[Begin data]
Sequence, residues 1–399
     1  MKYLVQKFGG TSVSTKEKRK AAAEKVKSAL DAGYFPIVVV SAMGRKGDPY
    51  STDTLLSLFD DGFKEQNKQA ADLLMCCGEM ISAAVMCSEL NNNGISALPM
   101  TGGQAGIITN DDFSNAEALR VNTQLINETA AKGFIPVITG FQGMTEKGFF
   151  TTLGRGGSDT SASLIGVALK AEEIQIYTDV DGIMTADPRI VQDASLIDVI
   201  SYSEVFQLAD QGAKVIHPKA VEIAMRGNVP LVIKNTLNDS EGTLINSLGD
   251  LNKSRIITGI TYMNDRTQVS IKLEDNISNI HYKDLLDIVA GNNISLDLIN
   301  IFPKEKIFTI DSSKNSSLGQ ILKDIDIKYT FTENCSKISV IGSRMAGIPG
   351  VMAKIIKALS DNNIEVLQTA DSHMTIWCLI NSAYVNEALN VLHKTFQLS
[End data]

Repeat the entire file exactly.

Sequence, residues 1–399
     1  MKYLVQKFGG TSVSTKEKRK AAAEKVKSAL DAGYFPIVVV SAMGRKGDPY
    51  STDTLLSLFD DGFKEQNKQA ADLLMCCGEM ISAAVMCSEL NNNGISALPM
   101  TGGQAGIITN DDFSNAEALR VNTQLINETA AKGFIPVITG FQGMTEKGFF
   151  TTLGRGGSDT SASLIGVALK AEEIQIYTDV DGIMTADPRI VQDASLIDVI
   201  SYSEVFQLAD QGAKVIHPKA VEIAMRGNVP LVIKNTLNDS EGTLINSLGD
   251  LNKSRIITGI TYMNDRTQVS IKLEDNISNI HYKDLLDIVA GNNISLDLIN
   301  IFPKEKIFTI DSSKNSSLGQ ILKDIDIKYT FTENCSKISV IGSRMAGIPG
   351  VMAKIIKALS DNNIEVLQTA DSHMTIWCLI NSAYVNEALN VLHKTFQLS